Lang was sponsored by the Paynesville Odd Fellows and Rebekahs, as he won the local competition. This consisted of a speech and essay contest and a personal interview. Steph Hoeft was the runner-up, so she went on to the state competition. She was then chosen to participate in the program.
Lang and Hoeft departed by airplane on June 28 and returned July 9. For the first week they were placed on a tour bus with other kids from Minnesota, Oregon, Idaho, Washington, and Wyoming. "The bus rides were so fun!" said Steph. Ryan added, "I got to know everyone really well because we were together for hours at a time."
In Washington, D.C., they had the opportunity to watch the President of Egypt arrive at the Capitol. They toured the Lincoln, Vietnam, and Korean Memorials, the White House, and Arlington National Cemetery. During free time once, Steph and Ryan bought a sandwich and pop for a homeless man. They talked to him for a half hour. "It was very sad for me to see someone in that condition," said Steph. "It made me feel good to help him."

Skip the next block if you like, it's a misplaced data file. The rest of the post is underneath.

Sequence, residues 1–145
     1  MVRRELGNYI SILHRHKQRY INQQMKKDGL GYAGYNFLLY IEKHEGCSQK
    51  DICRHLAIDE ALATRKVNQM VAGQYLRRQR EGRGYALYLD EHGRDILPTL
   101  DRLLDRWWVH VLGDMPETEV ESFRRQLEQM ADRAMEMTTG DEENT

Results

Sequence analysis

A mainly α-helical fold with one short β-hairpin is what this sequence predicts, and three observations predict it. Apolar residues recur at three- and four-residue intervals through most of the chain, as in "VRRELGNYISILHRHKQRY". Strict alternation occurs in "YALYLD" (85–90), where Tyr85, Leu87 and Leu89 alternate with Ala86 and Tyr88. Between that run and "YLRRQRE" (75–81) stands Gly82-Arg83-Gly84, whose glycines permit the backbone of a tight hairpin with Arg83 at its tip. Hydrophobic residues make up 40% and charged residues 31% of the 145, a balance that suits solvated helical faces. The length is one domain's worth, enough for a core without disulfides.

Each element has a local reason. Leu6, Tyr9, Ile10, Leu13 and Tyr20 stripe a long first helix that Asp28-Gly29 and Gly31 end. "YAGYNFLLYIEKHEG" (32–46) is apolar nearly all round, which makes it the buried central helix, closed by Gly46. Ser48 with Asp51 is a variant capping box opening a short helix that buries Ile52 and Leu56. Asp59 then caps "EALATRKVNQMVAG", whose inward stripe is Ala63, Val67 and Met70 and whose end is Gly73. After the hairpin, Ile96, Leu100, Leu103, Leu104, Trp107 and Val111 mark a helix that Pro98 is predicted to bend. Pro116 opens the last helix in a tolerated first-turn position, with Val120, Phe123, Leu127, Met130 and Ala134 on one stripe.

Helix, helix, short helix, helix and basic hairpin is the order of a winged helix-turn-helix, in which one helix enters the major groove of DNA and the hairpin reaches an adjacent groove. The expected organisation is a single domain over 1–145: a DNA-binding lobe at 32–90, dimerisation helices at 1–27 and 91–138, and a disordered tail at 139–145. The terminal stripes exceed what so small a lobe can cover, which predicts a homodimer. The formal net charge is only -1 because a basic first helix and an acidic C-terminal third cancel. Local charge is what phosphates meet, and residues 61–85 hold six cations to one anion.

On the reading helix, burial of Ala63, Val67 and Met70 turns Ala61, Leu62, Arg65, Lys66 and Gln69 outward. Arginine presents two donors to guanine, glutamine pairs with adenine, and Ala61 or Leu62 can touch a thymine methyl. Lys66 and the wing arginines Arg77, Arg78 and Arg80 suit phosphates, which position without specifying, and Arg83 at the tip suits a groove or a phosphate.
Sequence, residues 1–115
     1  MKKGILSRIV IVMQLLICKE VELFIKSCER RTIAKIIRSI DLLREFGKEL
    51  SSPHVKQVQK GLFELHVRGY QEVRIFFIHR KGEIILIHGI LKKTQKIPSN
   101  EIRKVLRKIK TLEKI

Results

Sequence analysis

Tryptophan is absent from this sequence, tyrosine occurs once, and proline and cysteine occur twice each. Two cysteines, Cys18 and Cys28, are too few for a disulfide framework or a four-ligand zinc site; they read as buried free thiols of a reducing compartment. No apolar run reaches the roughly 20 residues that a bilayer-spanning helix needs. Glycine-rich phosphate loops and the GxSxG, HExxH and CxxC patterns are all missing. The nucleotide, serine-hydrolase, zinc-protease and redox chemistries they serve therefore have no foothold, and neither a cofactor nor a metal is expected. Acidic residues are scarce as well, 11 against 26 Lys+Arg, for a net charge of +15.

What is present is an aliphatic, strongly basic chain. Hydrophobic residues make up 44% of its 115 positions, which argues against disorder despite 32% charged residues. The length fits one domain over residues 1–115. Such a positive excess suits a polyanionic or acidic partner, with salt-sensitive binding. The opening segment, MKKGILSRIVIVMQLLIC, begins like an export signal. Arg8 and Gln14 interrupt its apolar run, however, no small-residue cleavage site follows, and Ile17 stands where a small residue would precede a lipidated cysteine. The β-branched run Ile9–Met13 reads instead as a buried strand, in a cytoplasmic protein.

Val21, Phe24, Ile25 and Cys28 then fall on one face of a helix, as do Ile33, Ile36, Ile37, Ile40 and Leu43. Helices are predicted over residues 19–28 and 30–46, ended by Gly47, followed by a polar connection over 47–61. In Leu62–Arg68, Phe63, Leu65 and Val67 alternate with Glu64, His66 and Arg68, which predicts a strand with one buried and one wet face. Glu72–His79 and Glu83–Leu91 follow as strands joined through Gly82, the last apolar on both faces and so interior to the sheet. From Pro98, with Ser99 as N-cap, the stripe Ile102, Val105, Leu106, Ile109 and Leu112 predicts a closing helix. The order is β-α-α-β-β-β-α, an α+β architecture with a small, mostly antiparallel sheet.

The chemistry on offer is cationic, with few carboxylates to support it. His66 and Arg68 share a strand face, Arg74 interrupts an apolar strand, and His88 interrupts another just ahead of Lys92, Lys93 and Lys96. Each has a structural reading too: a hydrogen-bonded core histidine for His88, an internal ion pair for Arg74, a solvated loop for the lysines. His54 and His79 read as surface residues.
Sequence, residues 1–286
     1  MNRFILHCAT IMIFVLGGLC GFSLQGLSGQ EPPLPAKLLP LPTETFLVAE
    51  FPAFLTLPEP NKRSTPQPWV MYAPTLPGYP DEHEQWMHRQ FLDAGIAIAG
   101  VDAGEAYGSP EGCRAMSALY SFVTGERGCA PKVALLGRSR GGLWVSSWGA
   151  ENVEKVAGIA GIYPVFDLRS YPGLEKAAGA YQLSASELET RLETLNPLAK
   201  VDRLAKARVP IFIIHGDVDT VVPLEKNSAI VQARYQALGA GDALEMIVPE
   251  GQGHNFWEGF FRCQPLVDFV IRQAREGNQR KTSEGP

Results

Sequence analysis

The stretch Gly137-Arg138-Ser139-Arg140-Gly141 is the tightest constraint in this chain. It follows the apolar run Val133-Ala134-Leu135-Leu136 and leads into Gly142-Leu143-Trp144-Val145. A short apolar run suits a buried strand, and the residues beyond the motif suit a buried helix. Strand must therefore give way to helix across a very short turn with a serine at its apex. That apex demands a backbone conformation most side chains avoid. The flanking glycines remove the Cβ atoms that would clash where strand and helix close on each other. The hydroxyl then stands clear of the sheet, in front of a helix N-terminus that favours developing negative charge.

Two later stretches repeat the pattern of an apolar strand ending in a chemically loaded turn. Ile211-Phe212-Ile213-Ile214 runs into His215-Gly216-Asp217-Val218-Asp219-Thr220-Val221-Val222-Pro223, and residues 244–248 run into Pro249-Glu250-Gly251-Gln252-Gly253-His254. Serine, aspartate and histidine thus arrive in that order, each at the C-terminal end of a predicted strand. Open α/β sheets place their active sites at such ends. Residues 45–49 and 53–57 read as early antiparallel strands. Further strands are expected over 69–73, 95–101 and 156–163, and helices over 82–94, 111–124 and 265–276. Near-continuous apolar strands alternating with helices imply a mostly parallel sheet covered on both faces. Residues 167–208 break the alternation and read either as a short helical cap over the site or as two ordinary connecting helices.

The tour also consisted of visits to Niagara Falls, Gettysburg, and New York City. Both Ryan and Steph agreed that New York City was their favorite part of the trip. Over 200 delegates gathered together in the city from separate tours. One day, the whole group voluntarily painted benches in Central Park. Every morning, they sang the anthem of each country represented in their group. They saw a Broadway production of Les Miserables, went shopping on Fifth Avenue, and watched fireworks from the top of the Empire State Building on the Fourth of July. A ferry took them to see the Statue of Liberty and Ellis Island. Everyone participated in a speech contest, in which the topic was, ‘Children of War.'
Another highlight was touring the United Nations building. They were given access to rooms the general public could not see. "It was interesting to see all the different parts of the U.N.," explained Ryan. The delegates listened to speakers representing the Human Rights Service, Immigrants and Naturalization, and UNICEF. Steph was approached by a woman who wanted to give her a job at the U.N. as soon as she is old enough. "I would love to do that," said Steph. "She told me I should study foreign languages and social sciences to get into a career like that."
Lang and Hoeft said it was hard to leave the friends they had made, but they plan to keep in touch. "The memories I made on this trip are irreplaceable," said Steph. Ryan agreed, "The Oddfellows and Rebekahs have such a great program. It's disappointing that more kids don't try out for it."
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